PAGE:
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This sentence by Thomas Mallon would make Barry N. Malzberg spin in his grave, except that he’s still alive so it would just make him spin in his retirement

Don’t get me wrong, I think Thomas Mallon is great. But what was he thinking when he wrote this:

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I know the New Yorker doesn’t do fact-checking anymore, but still.

The funny thing is, Malzberg has similarities with Mailer both in style and subject matter.

I’m guessing that in his statement Mallon is trying to make the point about the insularity of the literary establishment, but in some way I think that with his narrow focus he’s making his point all too well, at his own expense.


  1. numeric says:

    Malzberg was a genre writer who most readers of the New Yorker probably have not heard of while Mailer was an American man of letters. If insularity means not considering scifi, fantasy, romance, horror, westerns, etc as serious literature then I would agree with your comments about insularity.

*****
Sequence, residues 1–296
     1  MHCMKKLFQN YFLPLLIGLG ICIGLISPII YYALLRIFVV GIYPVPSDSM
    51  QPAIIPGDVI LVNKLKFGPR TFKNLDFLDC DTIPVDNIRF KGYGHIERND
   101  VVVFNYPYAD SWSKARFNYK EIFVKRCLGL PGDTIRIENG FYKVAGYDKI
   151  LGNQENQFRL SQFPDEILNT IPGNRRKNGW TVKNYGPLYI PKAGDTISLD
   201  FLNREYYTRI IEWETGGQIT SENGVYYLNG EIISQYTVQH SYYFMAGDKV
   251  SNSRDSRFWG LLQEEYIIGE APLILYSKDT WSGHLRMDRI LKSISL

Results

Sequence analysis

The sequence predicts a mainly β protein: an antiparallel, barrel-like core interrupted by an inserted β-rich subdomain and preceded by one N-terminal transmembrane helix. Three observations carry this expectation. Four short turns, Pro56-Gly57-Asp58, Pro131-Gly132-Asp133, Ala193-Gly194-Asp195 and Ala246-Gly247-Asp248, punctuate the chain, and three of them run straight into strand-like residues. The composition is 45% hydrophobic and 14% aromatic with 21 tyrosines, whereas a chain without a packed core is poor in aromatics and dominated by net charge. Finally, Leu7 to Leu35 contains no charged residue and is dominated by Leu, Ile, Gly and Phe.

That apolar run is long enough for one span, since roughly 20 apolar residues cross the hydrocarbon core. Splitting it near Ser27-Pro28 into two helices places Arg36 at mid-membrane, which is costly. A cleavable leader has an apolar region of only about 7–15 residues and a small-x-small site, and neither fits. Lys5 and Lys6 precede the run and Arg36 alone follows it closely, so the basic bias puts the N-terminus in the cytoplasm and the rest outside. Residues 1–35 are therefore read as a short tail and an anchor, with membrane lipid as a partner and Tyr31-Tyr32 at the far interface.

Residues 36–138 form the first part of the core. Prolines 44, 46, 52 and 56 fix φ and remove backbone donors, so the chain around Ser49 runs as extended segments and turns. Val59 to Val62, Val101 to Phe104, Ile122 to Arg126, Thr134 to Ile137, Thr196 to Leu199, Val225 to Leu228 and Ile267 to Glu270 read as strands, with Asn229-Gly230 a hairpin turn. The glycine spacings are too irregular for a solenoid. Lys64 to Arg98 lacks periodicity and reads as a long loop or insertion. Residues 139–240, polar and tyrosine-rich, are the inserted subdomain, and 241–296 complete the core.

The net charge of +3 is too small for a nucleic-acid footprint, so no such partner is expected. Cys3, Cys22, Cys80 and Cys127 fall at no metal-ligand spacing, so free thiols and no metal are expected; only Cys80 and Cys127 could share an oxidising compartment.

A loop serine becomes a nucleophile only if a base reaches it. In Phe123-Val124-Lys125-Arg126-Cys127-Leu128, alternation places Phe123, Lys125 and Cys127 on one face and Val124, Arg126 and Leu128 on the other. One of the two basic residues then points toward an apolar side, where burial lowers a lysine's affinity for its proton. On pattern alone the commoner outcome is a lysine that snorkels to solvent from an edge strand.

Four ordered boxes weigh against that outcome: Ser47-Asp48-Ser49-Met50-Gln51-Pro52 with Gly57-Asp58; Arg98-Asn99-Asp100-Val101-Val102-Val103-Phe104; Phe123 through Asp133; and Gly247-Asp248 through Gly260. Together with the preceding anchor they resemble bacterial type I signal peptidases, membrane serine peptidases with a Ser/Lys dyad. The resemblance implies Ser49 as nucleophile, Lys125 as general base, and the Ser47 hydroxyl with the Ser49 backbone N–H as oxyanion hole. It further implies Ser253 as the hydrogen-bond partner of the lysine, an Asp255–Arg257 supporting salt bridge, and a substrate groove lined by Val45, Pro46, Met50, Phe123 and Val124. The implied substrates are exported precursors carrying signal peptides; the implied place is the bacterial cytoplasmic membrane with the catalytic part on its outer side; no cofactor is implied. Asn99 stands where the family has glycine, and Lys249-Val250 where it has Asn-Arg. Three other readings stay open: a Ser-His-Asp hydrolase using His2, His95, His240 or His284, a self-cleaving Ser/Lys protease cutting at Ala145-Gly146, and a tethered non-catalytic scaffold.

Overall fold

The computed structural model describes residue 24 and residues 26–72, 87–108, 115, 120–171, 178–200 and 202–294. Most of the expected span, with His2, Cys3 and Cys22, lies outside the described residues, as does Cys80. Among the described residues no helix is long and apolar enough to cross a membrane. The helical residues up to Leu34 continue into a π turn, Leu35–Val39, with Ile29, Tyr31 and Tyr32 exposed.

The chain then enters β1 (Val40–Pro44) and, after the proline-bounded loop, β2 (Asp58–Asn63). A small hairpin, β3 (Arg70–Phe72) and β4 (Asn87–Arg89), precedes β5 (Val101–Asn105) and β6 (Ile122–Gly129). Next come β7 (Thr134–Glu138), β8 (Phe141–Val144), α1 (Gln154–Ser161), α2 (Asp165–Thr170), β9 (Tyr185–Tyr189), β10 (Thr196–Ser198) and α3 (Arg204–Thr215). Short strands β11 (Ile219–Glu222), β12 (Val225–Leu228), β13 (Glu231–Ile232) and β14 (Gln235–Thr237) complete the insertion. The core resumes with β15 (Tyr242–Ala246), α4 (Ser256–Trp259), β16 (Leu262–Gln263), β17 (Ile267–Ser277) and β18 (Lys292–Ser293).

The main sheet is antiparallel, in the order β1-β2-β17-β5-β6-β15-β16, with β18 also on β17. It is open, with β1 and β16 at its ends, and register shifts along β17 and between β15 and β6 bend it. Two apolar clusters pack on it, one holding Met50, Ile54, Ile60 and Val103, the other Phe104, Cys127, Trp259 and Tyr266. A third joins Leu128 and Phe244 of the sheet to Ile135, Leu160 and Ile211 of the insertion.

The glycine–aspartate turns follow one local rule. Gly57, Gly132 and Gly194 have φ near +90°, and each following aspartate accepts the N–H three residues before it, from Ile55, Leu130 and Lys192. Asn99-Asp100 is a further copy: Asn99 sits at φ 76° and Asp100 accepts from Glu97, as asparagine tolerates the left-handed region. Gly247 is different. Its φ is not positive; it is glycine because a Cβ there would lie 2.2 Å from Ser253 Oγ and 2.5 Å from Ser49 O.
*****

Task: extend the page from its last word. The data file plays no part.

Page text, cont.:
• Andrew says:


      Exactly. Mallon’s statement, “Among American writers of the day, he was alone . . .” is simply false. But, beyond this, in a paragraph where Mallon is lamenting the insularity of the literary establishment, he himself is demonstrating this insularity.

  2. Elin says:

    It reminds me of a review of a book by Dave Barry’s the Times where the reviewer asked why his work wasn’t available in New York … and the thing was his column was syndicated in The Daily News.

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